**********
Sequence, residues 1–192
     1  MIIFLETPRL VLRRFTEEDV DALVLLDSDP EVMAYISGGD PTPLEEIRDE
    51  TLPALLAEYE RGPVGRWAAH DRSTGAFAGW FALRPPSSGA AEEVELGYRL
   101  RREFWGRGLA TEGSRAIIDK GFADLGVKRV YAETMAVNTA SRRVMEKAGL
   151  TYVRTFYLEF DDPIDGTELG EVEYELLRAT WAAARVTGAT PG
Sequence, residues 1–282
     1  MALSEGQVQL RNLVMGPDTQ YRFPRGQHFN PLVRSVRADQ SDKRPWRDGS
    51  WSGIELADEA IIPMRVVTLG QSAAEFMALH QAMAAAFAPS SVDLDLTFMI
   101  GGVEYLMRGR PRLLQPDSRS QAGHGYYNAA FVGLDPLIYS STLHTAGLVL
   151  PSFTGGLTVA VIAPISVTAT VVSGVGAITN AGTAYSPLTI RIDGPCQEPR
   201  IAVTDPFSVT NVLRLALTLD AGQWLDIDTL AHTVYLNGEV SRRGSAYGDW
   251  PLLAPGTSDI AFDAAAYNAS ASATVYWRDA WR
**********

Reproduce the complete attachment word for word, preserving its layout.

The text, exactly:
Sequence, residues 1–192
     1  MIIFLETPRL VLRRFTEEDV DALVLLDSDP EVMAYISGGD PTPLEEIRDE
    51  TLPALLAEYE RGPVGRWAAH DRSTGAFAGW FALRPPSSGA AEEVELGYRL
   101  RREFWGRGLA TEGSRAIIDK GFADLGVKRV YAETMAVNTA SRRVMEKAGL
   151  TYVRTFYLEF DDPIDGTELG EVEYELLRAT WAAARVTGAT PG
Sequence, residues 1–282
     1  MALSEGQVQL RNLVMGPDTQ YRFPRGQHFN PLVRSVRADQ SDKRPWRDGS
    51  WSGIELADEA IIPMRVVTLG QSAAEFMALH QAMAAAFAPS SVDLDLTFMI
   101  GGVEYLMRGR PRLLQPDSRS QAGHGYYNAA FVGLDPLIYS STLHTAGLVL
   151  PSFTGGLTVA VIAPISVTAT VVSGVGAITN AGTAYSPLTI RIDGPCQEPR
   201  IAVTDPFSVT NVLRLALTLD AGQWLDIDTL AHTVYLNGEV SRRGSAYGDW
   251  PLLAPGTSDI AFDAAAYNAS ASATVYWRDA WR